“There’s grapes on this vine.” The Protector’s voice became an unwelcome interruption from my work. “Look,” he called.

“Not now.” I winced and continued my concentrated attack. This wild abundance that reached out and tore my flesh had become my enemy. I tore at its roots which reminded me of my own—wild, painful, untamed. I chopped and pulled and dug them from the damp earth. The sky was threatening rain, but I knew God would grant me this time of release.”

“Teach me,” I prayed, “what it is that I must learn.”

The vines tore at my bare legs; their thorns bit and grabbed, yet I continued. When I had cleared an area beneath the limb, I changed weapons. Lifting the heavy hammer above my head, I swung hard at the base of the dead branch as it protruded from the tree. I missed, stumbling from the force of my swing. I raised the hammer again, striking again, hitting dead on. The limb hardly moved; my strike left only a dent in the wood. My foe was great. As in true life, my enemy was strong and I remained but a girl. My next blow struck further out on the limb, and a piece of the branch cracked and drooped. At last, I had done major damage. I began to see that beating away the dead limb would occur in stages, yet removing it would not hurt the tree. It would enhance its beauty.

Then I saw the grapes, the fruit of the vine that grew there, and I claimed this as a message from God. Good existed among the "evil." I saw a new vision in regard to my morning's labor: a healthier tree with fruit; it could become a hollow of clearing. I worked on. My Protector observed, thinking of I know not what. Standing further back, his perspective was more holistic than my own.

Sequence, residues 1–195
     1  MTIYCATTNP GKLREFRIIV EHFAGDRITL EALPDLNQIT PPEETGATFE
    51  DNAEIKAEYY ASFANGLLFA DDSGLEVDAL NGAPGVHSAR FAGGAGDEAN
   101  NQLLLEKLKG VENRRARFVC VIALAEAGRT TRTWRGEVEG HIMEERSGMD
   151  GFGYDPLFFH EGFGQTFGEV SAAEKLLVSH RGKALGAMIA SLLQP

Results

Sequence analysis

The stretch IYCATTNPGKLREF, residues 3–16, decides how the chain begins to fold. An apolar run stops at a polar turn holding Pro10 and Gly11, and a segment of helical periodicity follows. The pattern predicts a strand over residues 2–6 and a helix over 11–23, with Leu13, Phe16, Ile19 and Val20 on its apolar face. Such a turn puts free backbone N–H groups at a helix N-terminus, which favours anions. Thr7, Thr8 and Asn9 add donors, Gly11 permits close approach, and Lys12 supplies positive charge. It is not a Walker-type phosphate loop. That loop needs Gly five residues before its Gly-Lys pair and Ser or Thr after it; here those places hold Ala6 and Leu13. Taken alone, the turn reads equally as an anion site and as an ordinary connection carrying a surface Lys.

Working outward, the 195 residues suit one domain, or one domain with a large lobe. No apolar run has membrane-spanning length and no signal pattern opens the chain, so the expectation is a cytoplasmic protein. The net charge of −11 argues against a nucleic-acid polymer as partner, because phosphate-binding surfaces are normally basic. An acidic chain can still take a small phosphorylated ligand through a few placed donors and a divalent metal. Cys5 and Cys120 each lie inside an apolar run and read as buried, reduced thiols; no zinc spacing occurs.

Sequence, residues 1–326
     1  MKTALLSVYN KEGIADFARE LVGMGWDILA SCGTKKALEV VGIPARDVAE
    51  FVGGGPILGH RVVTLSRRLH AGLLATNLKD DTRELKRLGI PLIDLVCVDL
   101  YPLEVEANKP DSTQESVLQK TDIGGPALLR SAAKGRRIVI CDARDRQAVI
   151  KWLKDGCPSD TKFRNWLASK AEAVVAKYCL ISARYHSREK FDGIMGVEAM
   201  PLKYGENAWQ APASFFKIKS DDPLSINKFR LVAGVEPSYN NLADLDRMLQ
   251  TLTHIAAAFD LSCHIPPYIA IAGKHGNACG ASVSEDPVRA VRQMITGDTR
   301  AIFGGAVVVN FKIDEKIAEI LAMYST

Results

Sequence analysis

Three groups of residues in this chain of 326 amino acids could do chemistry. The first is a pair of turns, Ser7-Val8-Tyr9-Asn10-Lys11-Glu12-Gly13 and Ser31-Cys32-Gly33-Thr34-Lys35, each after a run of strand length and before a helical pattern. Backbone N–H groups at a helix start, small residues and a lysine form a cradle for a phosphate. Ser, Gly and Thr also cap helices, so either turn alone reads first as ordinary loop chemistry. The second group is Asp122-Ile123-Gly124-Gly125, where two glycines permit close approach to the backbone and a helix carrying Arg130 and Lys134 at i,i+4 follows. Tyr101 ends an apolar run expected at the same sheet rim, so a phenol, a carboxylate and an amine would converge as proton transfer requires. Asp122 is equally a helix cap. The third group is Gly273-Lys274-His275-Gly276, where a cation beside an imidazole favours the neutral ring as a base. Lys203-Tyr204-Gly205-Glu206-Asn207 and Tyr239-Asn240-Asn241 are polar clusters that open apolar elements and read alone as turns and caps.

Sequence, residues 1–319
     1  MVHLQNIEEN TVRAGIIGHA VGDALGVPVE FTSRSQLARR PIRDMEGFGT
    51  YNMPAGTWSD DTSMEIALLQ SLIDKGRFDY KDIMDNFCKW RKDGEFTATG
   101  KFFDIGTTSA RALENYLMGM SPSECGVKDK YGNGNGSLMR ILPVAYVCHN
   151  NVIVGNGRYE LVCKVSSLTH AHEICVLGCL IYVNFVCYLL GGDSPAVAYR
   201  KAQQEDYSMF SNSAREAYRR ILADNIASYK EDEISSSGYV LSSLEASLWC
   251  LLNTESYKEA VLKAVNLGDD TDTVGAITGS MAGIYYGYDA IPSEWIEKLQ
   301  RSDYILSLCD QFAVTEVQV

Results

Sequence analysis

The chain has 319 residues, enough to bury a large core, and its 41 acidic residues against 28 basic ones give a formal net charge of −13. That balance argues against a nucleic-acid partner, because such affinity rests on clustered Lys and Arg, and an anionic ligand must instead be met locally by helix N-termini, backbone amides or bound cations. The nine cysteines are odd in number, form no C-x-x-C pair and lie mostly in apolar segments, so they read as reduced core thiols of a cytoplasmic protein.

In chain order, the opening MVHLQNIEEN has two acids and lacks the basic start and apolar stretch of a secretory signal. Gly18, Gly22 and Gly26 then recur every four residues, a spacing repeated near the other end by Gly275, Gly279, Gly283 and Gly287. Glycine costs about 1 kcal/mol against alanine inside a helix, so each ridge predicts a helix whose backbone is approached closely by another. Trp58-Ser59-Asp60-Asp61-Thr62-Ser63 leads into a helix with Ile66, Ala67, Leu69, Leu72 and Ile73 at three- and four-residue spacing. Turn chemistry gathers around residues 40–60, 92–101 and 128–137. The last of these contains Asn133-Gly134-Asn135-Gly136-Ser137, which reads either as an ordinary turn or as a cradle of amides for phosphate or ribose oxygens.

“This is a wonderful place for a tee-pee,” he said, as if on cue. He was imagining the fun our three sons might have in this clearing I was creating. The observance gave me joy as I also imagined the fittingness of my own offspring gathering in joy to play on ground I had cleared of the rubble that lingered from my abused past. Life could surely mirror this image. His words gave me new energy. A brier grabbed my leg, biting sharply into my skin. The clearing was not yet adequate for the work that remained before me. The "safe foundation" did not yet exist. I turned my attention once more to the ground.

The briers were thick and scattered and seemed to attack me from all sides. I realized that they caused me even more constant pain than the anger I fought. It seemed that they were too personal of an enemy to represent my abuser. They snapped at my legs and brought blood. Surely, these foes lived closer to home. "Which foe lives so actively in the soil of my life," I asked. At once I knew. They represented Satan's lies in regard to my very being; lies that had caused me to fight with desperation to become worthy of God's love. Specifically, I named these briers work salvation—my continual striving to be perfect enough that a broken, ashamed little girl could finally grow up and deserve God’s love. The declaration helped me to feel the destructive nature of such lies. With each step I saw more clearly the way such lies attack joy, entangle, and create pain. “Feel the pain involved in seeking self worthiness,” I told myself.